The obligations of a MEWA are set forth in 29 U.S.C.A. § 1144(b)(6):

(A) Notwithstanding any other provision of this section--(i) in the case of an employee welfare benefit plan which is a multiple employer welfare arrangement and is fully insured (or which is a multiple employer welfare arrangement subject to an exemption under subparagraph (B)), any law of any State which regulates insurance may apply to such arrangement to the extent that such law provides--(I) standards, requiring the maintenance of specified levels of reserves and specified levels of contributions, which any such plan, or any trust established under such a plan, must meet in order to be considered under such law able to pay benefits in full when due, and (II) provisions to enforce such standards, and (ii) in the case of any other employee welfare benefit plan which is a multiple employer welfare arrangement, in addition to this title, any law of any State which regulates insurance may apply to the extent not inconsistent with the preceding sections of this title.

(B) The Secretary may, under regulations which may be prescribed by the Secretary, exempt from subparagraph (A)(ii), individually or by class, multiple employer welfare arrangements which are not fully insured. Any such exemption may be granted with respect to any arrangement or class of arrangements only if such arrangement or each arrangement which is a member of such class meets the requirements of section 3(1) and section 4 necessary to be considered an employee welfare benefit plan to which this title applies.

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(D) For purposes of this paragraph, a multiple employer welfare arrangement shall be considered fully insured only if the terms of the arrangement provide for benefits the amount of all of which the Secretary determines are guaranteed under a contract, or policy of insurance, issued by an insurance company, insurance service, or insurance organization, qualified to conduct business in a State.

The United States Secretary of Labor has not exempted, either individually or by class, any MEWA from the requirement that an uninsured MEWA is subject to all relevant state law provisions.

Since the provisions of New York Labor Law § 922(5) only except fully insured plans from being considered as MEWAs under New York law, unless the self-funded plan is established or maintained under a collective bargaining agreement, 29 U.S.C.A. § 1002(400(a)(1)(i), it would have to be licensed as an insurer.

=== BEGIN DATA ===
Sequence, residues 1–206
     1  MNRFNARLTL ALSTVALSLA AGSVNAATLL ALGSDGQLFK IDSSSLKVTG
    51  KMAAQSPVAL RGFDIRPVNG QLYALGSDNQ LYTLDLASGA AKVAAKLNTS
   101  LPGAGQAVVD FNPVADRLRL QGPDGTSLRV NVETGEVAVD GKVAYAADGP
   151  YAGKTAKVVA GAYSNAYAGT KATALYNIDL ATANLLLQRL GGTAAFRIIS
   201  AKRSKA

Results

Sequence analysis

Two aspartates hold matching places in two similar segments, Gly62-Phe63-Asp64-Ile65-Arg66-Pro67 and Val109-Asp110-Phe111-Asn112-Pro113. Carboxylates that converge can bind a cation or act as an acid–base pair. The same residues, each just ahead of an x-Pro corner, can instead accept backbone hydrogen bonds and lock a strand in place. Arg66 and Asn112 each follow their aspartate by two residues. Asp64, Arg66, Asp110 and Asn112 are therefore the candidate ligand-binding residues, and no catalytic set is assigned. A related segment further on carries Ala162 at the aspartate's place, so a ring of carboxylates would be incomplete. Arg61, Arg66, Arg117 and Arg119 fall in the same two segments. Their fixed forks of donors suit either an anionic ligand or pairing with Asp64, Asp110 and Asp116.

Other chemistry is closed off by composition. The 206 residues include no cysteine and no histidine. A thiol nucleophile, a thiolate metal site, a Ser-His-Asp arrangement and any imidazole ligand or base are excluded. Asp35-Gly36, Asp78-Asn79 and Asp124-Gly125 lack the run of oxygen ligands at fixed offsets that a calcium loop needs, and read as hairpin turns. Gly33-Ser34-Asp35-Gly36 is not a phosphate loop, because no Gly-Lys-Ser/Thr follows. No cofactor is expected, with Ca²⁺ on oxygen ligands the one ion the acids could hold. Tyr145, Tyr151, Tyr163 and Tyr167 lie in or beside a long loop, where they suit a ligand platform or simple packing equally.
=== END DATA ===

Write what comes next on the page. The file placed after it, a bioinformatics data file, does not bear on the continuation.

While New York does not license TPAs, qua TPA, if the TPA performs a function that requires a license, that entity must be so licensed. New York Insurance Law 2101(g)(1) (McKinney 2000 and 2005 Supplement) defines an independent adjuster:

The term 'independent adjuster' means any person, firm, association or corporation who, or which, for money, commission or any other thing of value, acts in this state on behalf of an insurer in the work of investigating and adjusting claims arising under insurance contracts issued by such insurer and who performs such duties required by such insurer as are incidental to such claims and also includes any person who for compensation or anything of value investigates and adjusts claims on behalf of any independent adjuster, except that such term shall not include: . . . (E) any licensed agent of an authorized insurer who adjusts losses for such insurer solely under policies issued through his or its agency, provided the agent receives no compensation for such services in excess of fifty dollars per loss adjusted . . . .

New York Insurance Law § 2108(a)(3) (McKinney 2000 and 2005 Supplement) prohibits acting as an independent adjuster without a license.

If the organization were to function as an independent adjuster in New York for the Illinois insurer, since that insurer is not licensed as an insurer and the organization is not licensed as an agent, it would have to be licensed as an independent adjuster. Even if the self-funded plan were to be exempt under ERISA from licensing by this Department, the organization could not function as an independent adjuster for such exempt insurer without a license.

For further information you may contact Principal Attorney Alan Rachlin at the New York City office.